On June 15, 2009, the court ordered the United States Marshal to serve plaintiff's complaint on defendants Weinholdt and Hernandez. (Doc. No. 8.) Defendants filed an answer on August 21, 2009 . (Doc. No. 10.) On September 8, 2009, the undersigned issued a discovery order. (Doc. No. 11.)

On March 19, 2010, counsel for defendants filed a motion for summary judgment, arguing that the defendants were entitled to entry of judgment in their favor because: (1) there is no evidence that defendant Hernandez controverted plaintiff's accommodation chrono; (2) defendant Weinholdt did not deny plaintiff's accommodation chrono; (3) plaintiff cannot sue state officials in their individual capacities under the Americans with Disabilities Act; and (4) the defendants are entitled to qualified immunity. (Doc. No. 15.) Plaintiff filed an opposition to defendants' motion for summary judgment on May 14, 2010.*fn4 (Doc. No. 19.) Defendants have elected not to file a reply.

SUMMARY JUDGMENT STANDARDS UNDER RULE 56

Summary judgment is appropriate when it is demonstrated that there exists "no genuine issue as to any material fact and that the moving party is entitled to a judgment as a matter of law." Fed. R. Civ. P. 56(c).

Under summary judgment practice, the moving party always bears the initial responsibility of informing the district court of the basis for its motion, and identifying those portions of "the pleadings, depositions, answers to interrogatories, and admissions on file, together with the affidavits, if any," which it believes demonstrate the absence of a genuine issue of material fact.

Celotex Corp. v. Catrett, 477 U.S. 317, 323 (1986) (quoting Fed. R. Civ. P. 56(c)). "[W]here the nonmoving party will bear the burden of proof at trial on a dispositive issue, a summary judgment motion may properly be made in reliance solely on the 'pleadings, depositions, answers to interrogatories, and admissions on file.'" Id. Indeed, summary judgment should be entered, after adequate time for discovery and upon motion, against a party who fails to make a showing sufficient to establish the existence of an element essential to that party's case, and on which that party will bear the burden of proof at trial. See id. at 322. "[A] complete failure of proof concerning an essential element of the nonmoving party's case necessarily renders all other facts immaterial." Id. In such a circumstance, summary judgment should be granted, "so long as whatever is before the district court demonstrates that the standard for entry of summary judgment, as set forth in Rule 56(c), is satisfied." Id. at 323.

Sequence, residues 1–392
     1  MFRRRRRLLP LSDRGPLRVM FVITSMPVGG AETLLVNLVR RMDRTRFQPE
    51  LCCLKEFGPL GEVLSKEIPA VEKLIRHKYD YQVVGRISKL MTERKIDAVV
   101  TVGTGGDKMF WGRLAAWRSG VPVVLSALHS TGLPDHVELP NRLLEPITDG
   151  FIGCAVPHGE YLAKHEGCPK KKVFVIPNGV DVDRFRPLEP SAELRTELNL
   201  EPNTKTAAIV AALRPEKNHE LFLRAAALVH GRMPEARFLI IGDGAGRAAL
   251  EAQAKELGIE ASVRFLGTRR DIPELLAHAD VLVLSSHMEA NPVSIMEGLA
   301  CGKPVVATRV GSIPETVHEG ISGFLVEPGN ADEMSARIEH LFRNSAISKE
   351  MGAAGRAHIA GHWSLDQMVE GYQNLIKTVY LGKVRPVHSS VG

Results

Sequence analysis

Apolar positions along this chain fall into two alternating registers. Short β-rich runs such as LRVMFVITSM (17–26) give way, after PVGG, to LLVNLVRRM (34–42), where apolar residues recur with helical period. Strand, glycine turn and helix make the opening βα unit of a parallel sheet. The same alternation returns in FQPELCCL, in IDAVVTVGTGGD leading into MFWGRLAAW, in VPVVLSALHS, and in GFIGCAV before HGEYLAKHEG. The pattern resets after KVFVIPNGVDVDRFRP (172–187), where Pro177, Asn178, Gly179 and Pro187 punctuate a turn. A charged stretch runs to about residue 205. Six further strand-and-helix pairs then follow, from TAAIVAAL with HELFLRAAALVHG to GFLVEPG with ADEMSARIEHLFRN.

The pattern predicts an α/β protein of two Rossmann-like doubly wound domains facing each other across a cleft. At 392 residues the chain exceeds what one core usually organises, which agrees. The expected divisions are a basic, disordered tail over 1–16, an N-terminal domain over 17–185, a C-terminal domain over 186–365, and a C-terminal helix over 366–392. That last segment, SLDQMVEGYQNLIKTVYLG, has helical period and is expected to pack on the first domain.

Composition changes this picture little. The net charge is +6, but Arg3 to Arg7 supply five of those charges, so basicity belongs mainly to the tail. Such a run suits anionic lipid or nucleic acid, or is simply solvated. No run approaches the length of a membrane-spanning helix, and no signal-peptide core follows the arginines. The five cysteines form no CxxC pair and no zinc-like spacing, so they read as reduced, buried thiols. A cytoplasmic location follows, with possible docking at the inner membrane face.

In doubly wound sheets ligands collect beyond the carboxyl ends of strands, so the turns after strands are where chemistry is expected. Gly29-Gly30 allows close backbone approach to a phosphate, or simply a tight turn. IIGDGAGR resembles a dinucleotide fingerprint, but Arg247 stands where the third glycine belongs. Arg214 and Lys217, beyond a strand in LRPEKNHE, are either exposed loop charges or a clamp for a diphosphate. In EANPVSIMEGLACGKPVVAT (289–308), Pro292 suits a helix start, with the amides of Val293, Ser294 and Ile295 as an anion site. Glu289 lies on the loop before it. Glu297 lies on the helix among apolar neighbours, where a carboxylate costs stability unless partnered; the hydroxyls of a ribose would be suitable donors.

If the moving party meets its initial responsibility, the burden then shifts to the opposing party to establish that a genuine issue as to any material fact actually does exist. See Matsushita Elec. Indus. Co. v. Zenith Radio Corp., 475 U.S. 574, 586 (1986). In attempting to establish the existence of this factual dispute, the opposing party may not rely upon the allegations or denials of its pleadings but is required to tender evidence of specific facts in the form of affidavits, and/or admissible discovery material, in support of its contention that the dispute exists. See Fed. R. Civ. P. 56(e); Matsushita, 475 U.S. at 586 n.11. The opposing party must demonstrate that the fact in contention is material, i.e., a fact that might affect the outcome of the suit under the governing law, see Anderson v. Liberty Lobby, Inc., 477 U.S. 242, 248 (1986); T.W. Elec. Serv., Inc. v. Pacific Elec. Contractors Ass'n, 809 F.2d 626, 630 (9th Cir. 1987), and that the dispute is genuine, i.e., the evidence is such that a reasonable jury could return a verdict for the nonmoving party, see Wool v. Tandem Computers, Inc., 818 F.2d 1433, 1436 (9th Cir. 1987).

In the endeavor to establish the existence of a factual dispute, the opposing party need not establish a material issue of fact conclusively in its favor. It is sufficient that "the claimed factual dispute be shown to require a jury or judge to resolve the parties' differing versions of the truth at trial." T.W. Elec. Serv., 809 F.2d at 631. Thus, the "purpose of summary judgment is to 'pierce the pleadings and to assess the proof in order to see whether there is a genuine need for trial.'" Matsushita, 475 U.S. at 587 (quoting Fed. R. Civ. P. 56(e) advisory committee's note on 1963 amendments).

In resolving the summary judgment motion, the court examines the pleadings, depositions, answers to interrogatories, and admissions on file, together with the affidavits, if any. Fed. R. Civ. P. 56(c). The evidence of the opposing party is to be believed. See Anderson, 477 U.S. at 255. All reasonable inferences that may be drawn from the facts placed before the court must be drawn in favor of the opposing party. See Matsushita, 475 U.S. at 587. Nevertheless, inferences are not drawn out of the air, and it is the opposing party's obligation to produce a factual predicate from which the inference may be drawn. See Richards v. Nielsen Freight Lines, 602 F. Supp. 1224, 1244-45 (E.D. Cal. 1985), aff'd, 810 F.2d 898, 902 (9th Cir. 1987). Finally, to demonstrate a genuine issue, the opposing party "must do more than simply show that there is some metaphysical doubt as to the material facts . . . . Where the record taken as a whole could not lead a rational trier of fact to find for the nonmoving party, there is no 'genuine issue for trial.'" Matsushita, 475 U.S. at 587 (citation omitted).